#Country of Tax ResidencyEffective Date*Treaty withholding rate on dividendsTreaty withholding rate on interest**Specific LOB Article in the treaty included?
1Armenia***01.01.197630.0%0.0%n.a.
2Australia01.12.198315.0%10.0%Article 16 / Protocol
3Austria01.01.199915.0%0.0%Article 16
4Azerbaijan***01.01.197630.0%0.0%n.a.
5Bangladesh01.01.200715.0%10.0%Article 17
6Barbados01.01.198415.0%5.0%Article 22 / Protocol
7Belarus***01.01.197630.0%0.0%n.a.
8Belgium01.01.200815.0%0.0%Article 21
9Bulgaria01.01.200910.0%5.0%Article 21 / Protocol
10Canada01.01.198515.0%0.0%Article XXIX A / Protocol
11Cyprus01.01.198615.0%10.0%Article 26
12Czech Republic01.01.199315.0%0.0%Article 17
13Denmark01.01.200115.0%0.0%Article 22 / Protocol
14Egypt01.01.198215.0%15.0%n.a.
15Estonia01.01.200015.0%10.0%Article 22
16Finland01.01.199115.0%0.0%Article 16 / Protocol
17France01.01.199615.0%0.0%Article 30 / Protocol
18Georgia***01.01.197630.0%0.0%n.a.
19Germany01.01.199015.0%0.0%Article 28 / Protocol
20Greece01.01.195330.0%0.0%n.a.
21Hungary01.01.198015.0%0.0%n.a.
22Iceland01.01.200915.0%0.0%Art. 21 / Protocol
23India01.01.199125.0%15.0%Article 24
24Indonesia01.01.199015.0%10.0%Article 28
25Ireland01.01.199815.0%0.0%Article 23 / Protocol
26Israel01.01.199525.0%17.5%Article 25 / Protocol
27Italy01.02.201015.0%10.0%Protocol
28Jamaica01.01.198215.0%12.5%Article 17 / Protocol
29Japan01.01.200510.0%0.0%Article 22 / Protocol
30Kazakhstan01.01.199615.0%10.0%Article 21 / Protocol
31Korea01.01.198015.0%12.0%n.a.
32Kyrgyzstan***01.01.197630.0%0.0%n.a.
33Latvia01.01.200015.0%10.0%Article 23
34Lithuania01.01.200015.0%10.0%Article 23
35Luxembourg01.01.200115.0%0.0%Article 24
36Malta01.01.201115.0%10.0%Article 22
37Mexico01.01.199410.0%15.0%Article 17 / Protocol
38Moldova***01.01.197630.0%0.0%n.a.
39Morocco01.01.198115.0%15.0%n.a.
40Netherlands01.01.199415.0%0.0%Article 26 / Protocol
41New Zealand01.01.198415.0%10.0%Article 16 / Protocol
42Norway01.01.197115.0%0.0%n.a.
43Pakistan01.01.195930.0%30.0%n.a.
44People’s Republic of China01.01.198710.0%10.0%Protocol
45Philippines01.01.198325.0%15.0%n.a.
46Poland01.01.197415.0%0.0%n.a.
47Portugal01.01.199615.0%10.0%Article 17
48Romania01.01.197410.0%10.0%n.a.
49Russia01.01.199410.0%0.0%Article 20 / Protocol
50Slovak Republic01.01.199315.0%0.0%Article 17
51Slovenia01.01.200215.0%5.0%Article 22
52South Africa01.01.199815.0%0.0%Article 22
53Spain01.01.199115.0%0.0%Article 17 / Protocol
54Sri Lanka01.01.200415.0%10.0%Article 23 / Protocol
55Sweden01.01.199615.0%0.0%Article 17 / Protocol
56Switzerland01.01.199815.0%0.0%Article 22 / Protocol
57Tajikistan***01.01.197630.0%0.0%n.a.
58Thailand01.01.199815.0%15.0%Article 18
59Trinidad & Tobago01.01.197030.0%30.0%n.a.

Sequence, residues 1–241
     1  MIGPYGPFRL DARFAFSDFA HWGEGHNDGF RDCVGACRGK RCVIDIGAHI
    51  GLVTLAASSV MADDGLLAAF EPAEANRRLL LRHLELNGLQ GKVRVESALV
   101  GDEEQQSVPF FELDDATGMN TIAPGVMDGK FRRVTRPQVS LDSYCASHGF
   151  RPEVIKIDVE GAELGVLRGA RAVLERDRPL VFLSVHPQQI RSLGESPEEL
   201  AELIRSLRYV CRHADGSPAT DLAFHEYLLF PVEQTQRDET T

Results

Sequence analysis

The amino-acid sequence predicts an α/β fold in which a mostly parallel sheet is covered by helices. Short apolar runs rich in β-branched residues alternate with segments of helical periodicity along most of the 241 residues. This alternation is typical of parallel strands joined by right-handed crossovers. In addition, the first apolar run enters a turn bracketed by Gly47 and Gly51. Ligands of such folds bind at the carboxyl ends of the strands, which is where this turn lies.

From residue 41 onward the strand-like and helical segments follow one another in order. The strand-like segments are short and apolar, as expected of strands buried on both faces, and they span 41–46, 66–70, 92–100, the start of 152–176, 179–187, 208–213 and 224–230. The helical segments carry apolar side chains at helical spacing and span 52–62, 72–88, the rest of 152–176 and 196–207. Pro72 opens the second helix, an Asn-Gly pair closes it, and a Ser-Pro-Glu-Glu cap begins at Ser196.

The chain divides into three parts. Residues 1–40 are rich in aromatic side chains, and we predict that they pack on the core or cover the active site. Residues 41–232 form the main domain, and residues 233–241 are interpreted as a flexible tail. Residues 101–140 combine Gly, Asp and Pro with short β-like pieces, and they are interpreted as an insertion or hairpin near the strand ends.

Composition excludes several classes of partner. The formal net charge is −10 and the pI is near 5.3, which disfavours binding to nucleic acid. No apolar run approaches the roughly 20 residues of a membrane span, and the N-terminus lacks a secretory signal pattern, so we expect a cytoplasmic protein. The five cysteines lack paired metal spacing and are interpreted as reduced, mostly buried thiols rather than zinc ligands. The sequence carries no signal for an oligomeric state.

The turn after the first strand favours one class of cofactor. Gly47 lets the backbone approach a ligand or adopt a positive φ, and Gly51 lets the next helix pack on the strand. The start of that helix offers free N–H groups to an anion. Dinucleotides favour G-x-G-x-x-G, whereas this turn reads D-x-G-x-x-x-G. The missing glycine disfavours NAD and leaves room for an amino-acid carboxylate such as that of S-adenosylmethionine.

60Tunisia01.01.199020.0%15.0%Article 25 / Protocol
61Turkey01.01.199820.0%15.0%Article 22
62Turkmenistan***01.01.197630.0%0.0%n.a.
63Ukraine01.01.200115.0%0.0%Article 22 / Protocol
64United Kingdom01.01.200415.0%0.0%Article 23 / Protocol
65Uzbekistan***01.01.197630.0%0.0%n.a.
66Venezuela01.01.200015.0%10.0%Article 17 / Protocol

This is the effective date when the latest income tax treaty with the United States became effective
** Please note that on most US interest payments the portfolio interest exemption applies. In these cases the withholding tax on interest payments is reduced to 0%.
*** The U.S.-U.S.S.R. DTT applies to Armenia, Azerbaijan, Belarus, Georgia, Kyrgyzstan, Moldova, Tajikistan, Turkmenistan and Uzbekistan (Commonwealth of Independent States).

Table 2: Countries that have a Double Tax Treaty with the USA

Ernst & Young have compiled a comprehensive tax and immigration guide for 160 countries or tax jurisdictions. I highly recommend that you download the PDF and review the information on the country of your tax residency (and USA if you invest in US assets. ) Table 3 below is from this PDF and as you can see you may not pay the full 30% based on the bands of total earnings from US assets.

Filing as an Individual

Taxable IncomeAmount of Tax
Not over USD9,70010% of the taxable income
Over USD9,700 but not over USD39,475USD970 plus 12% of the excess over USD9,700
Over USD39,475 but not over USD84,200USD4,543 plus 22% of the excess over USD39,475
Over USD84,200 but not over USD160,725USD14,382.50 plus 24% of the excess over USD84,200
Over USD160,725 but not over USD204,100USD32,748.50 plus 32% of the excess over USD160,725
Over USD204,100 but not over USD510,300USD46,628.50 plus 35% of the excess over USD204,100
Over USD510,300USD153,798.50 plus 37% of the excess over USD510,300

Table 3: Individual Tax Rates Based on Total Income from US Sources


How to Plan for Taxes

  1. Estate Tax Planning
    • Turns out its not just a Green Card a US Spouse can get you (wink, wink). If you have a spouse who is a US citizen or Green Card holder, consider making all US investments in the spouse’s name and all foreign investments in your name. US Citizens & US Tax Residents currently enjoy a tax exemption of over $11.18 million (2018) filing as an individual.